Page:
Salt Lake City, UT, April 20 – A new report by Luminate found that disability representation on screen was by far and away the lowest of any minority group they analyzed. In 2021, there were only five main title cast roles in film for people who identified as disabled. The following year, there were just three roles, which means only half a percent of films over the last two years had a main cast member with a disability. These numbers improve only very slightly in series television; there were nine series regulars who identified as disabled in both 2021 and 2022. With Americans continuing to consume roughly five hours of media a day on streaming services and traditional television, representation, or in this case, lack of representation impacts how society views people with disabilities.
“At their best, films and TV series can help remove current stigmas that exist for people with disabilities,” said RespectAbility’s Senior Vice President Lauren Appelbaum. “These stories can shift assumptions and bring attention to larger systemic issues. However, inclusion of disabled people must be an intentional effort on the part of studios and content creators. Disabled talent exists and need to be given the platform to create.”
The problem is not just in front of the screen. There were zero film directors with disabilities over the last two years and just one series creator who identified as disabled: Ryan O’Connell. O’Connell created and starred in the Netflix show Special based on his life as a gay man with cerebral palsy. Along with his role in Peacock’s Queer as Folk, O’Connell’s on-screen work accounts for more than 10 percent of series regular roles for actors with disabilities.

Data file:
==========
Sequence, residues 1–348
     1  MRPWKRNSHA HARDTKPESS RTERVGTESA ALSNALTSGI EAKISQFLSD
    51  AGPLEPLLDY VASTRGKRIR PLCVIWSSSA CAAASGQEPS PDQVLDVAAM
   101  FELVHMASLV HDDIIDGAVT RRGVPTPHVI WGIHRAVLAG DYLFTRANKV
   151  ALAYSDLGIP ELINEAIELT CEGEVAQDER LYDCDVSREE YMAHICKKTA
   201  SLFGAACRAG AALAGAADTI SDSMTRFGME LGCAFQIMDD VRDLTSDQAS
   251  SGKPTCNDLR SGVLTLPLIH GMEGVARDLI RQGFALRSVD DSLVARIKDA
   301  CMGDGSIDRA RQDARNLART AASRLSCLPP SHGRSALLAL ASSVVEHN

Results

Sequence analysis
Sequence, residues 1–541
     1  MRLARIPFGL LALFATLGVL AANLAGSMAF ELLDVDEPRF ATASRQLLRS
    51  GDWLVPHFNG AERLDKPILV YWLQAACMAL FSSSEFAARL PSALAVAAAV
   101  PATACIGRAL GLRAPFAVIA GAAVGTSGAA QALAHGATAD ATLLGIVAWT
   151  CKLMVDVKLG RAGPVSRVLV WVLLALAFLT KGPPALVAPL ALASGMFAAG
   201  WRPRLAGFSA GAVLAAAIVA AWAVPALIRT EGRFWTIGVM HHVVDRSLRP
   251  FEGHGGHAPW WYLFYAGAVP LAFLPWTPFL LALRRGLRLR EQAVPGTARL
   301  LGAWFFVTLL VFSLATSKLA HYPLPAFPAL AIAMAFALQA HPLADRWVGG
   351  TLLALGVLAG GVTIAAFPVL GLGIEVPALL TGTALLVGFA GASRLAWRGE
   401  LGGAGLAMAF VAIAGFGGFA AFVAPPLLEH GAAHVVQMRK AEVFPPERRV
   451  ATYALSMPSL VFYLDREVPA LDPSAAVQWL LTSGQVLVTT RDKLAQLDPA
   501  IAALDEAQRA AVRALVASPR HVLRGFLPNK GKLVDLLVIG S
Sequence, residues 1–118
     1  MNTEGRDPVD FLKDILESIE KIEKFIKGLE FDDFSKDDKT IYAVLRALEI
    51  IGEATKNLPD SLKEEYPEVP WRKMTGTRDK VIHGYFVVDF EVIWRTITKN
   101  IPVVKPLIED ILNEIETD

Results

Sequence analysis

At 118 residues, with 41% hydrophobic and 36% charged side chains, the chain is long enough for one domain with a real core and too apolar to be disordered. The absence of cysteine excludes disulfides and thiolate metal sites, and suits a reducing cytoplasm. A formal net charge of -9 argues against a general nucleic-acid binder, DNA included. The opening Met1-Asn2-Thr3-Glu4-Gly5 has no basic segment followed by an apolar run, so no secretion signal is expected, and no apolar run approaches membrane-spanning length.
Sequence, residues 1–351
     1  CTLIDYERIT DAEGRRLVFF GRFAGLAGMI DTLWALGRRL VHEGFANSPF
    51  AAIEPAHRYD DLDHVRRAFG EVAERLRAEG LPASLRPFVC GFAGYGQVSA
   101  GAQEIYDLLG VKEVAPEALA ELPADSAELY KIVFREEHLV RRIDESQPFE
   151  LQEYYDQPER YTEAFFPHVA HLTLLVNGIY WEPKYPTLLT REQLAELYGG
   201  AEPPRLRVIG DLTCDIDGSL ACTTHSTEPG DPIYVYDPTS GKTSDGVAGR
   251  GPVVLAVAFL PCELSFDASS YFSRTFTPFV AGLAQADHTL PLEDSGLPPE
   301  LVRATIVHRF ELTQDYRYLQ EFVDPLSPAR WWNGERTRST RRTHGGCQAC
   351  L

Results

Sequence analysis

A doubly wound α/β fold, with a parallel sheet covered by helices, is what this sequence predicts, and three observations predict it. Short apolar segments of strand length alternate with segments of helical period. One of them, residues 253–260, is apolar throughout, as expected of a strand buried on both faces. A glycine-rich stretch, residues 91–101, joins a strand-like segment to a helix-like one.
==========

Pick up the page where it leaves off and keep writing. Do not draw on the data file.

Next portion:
While Hollywood still struggles to hire disabled talent, it continues to make movies that center disabled narratives. Fifteen films were released over the last two years that centered disabled stories and yet the industry clearly did not rely on the community whose stories they were using to make money. This needs to change. Authentic casting and representation behind the camera help to ensure better representation. It is time for Hollywood to hear what disability activists have been shouting for decades: “nothing about us, without us.”
A Focus on the Data
It is important to note that the data set is reliant on talent publicly identifying as part of the community. It is most likely that the numbers around disability are being under-reported. One in four people in the U.S. has a disability. Given that many disabilities are nonapparent and stigma still exists around the identity, it is likely that some talent did not report their disabled identity. This reinforces the need for disability representation in film and television – not just for society at large but for people specifically in the entertainment industry. Also, this data is focused on new media and categorizes films based on the year they premiered. It only includes scripted live action projects from the United States, United Kingdom, and Canada. While not included in this report, animated representation, such as Firebuds and The Proud Family: Louder and Prouder, should not be overlooked.
Looking to the Future